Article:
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Parents and even children may be secretly relieved to get back in the old routine, and there are regular suggestions that the holidays are too long.
But I would suggest otherwise.
Over the years, my pupils have pointed out to me that, at the start of every session, I tell them: "This is the most important year of your school career,” but in a sense that is always true.
First year, last year, exam years or others -- every session in school is "the most important" because education relies on experience, and pupils aren’t being "prepared for life" at school, they are already living it.
It is the communication of that fact, and the connection between school and "real life" that is crucial in effective teaching and learning.
This autumn, the Curriculum for Excellence will be the phrase on the lips of many teachers, parents and pupils as we move forward with this latest revamp of our education system, and change can be unsettling and challenging.
However, throughout a long career, I have worked through many changes, and the inescapable truth is that there must always be change in education, because the community we serve, its demands, and the needs of our students, continue to change also.
The importance of the six-week break -- for teachers as well as pupils -- is that it permits a differing perception and a chance to put into action, outside the confines of school, the learning that has been assimilated during the year.
A period where choices are made, and relationships developed, on the basis of individual choice, rather than within the control of a school timetable and curriculum, is a hugely effective way to apply learning, and to reflect on what still has to be discovered.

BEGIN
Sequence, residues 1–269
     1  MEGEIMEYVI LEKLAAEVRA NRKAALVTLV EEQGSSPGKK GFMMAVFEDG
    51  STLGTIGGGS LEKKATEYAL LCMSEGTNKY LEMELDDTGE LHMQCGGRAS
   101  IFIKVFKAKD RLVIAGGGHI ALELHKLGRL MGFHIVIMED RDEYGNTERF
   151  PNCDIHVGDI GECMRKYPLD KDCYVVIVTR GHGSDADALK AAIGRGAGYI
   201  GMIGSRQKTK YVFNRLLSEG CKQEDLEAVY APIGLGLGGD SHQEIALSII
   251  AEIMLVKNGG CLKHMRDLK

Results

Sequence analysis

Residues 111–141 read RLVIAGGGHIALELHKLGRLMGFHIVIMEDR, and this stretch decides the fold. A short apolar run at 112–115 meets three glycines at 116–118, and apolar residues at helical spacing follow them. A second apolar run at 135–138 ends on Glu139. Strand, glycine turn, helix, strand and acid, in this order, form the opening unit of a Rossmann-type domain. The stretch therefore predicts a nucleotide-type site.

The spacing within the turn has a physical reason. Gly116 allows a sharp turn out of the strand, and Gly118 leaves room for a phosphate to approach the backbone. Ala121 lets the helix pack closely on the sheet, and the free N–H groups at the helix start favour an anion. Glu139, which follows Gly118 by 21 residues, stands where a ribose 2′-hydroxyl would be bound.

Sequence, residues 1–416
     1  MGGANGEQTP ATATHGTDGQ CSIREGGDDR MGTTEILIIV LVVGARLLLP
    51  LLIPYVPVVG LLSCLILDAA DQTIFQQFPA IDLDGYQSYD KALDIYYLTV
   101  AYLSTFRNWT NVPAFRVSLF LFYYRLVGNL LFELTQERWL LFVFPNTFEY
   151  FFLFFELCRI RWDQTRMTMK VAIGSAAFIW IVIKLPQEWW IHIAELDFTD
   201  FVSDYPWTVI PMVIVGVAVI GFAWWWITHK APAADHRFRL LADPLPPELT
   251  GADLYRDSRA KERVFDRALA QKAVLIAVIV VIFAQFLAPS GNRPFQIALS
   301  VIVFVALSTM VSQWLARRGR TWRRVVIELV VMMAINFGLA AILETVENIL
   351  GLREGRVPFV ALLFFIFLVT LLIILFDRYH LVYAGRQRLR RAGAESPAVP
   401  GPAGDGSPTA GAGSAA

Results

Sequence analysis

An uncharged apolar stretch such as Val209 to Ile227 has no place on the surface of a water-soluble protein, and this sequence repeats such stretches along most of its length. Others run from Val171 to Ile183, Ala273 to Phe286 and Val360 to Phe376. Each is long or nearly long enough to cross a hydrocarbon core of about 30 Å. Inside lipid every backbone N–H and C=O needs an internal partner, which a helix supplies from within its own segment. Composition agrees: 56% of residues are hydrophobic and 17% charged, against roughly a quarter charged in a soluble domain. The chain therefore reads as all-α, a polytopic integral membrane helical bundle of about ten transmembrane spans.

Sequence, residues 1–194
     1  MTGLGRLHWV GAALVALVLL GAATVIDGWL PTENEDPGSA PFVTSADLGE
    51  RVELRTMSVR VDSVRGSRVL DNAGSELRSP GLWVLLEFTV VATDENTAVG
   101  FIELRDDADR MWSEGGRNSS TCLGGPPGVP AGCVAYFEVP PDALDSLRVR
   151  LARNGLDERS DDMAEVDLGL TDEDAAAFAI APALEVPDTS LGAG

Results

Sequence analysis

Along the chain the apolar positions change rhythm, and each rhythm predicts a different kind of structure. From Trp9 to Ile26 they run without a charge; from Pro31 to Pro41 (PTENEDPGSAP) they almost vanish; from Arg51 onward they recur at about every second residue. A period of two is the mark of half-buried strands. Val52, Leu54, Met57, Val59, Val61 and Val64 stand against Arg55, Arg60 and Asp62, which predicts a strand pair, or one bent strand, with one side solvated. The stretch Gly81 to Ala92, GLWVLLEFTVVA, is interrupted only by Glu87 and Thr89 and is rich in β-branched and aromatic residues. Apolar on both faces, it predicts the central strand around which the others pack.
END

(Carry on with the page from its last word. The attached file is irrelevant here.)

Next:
Pupils need to be reassured of the relevance of what they are learning in school to their life in general: that is what motivates learning and rewards study. The responsibility for ordering their days and weeks to their own model, to raise their head from the desk and see what is around them, is just as essential to teaching and learning as instruction and revision.
With the summer holidays come the opportunities to put into practice the theories learned in the classroom, and to continue the development of emotional intelligence through interaction with different groups of peers, and increased time with the family.
"What we did on our holidays" may be a clichéd essay title, but if pupils and teachers can bring into the classroom the experiences, the re-creation, and the reflection afforded by their summer holidays, then they will also be bringing their world into what will really be a curriculum for excellence.
The summer holidays may well be a break from school, but they are certainly not a break from learning.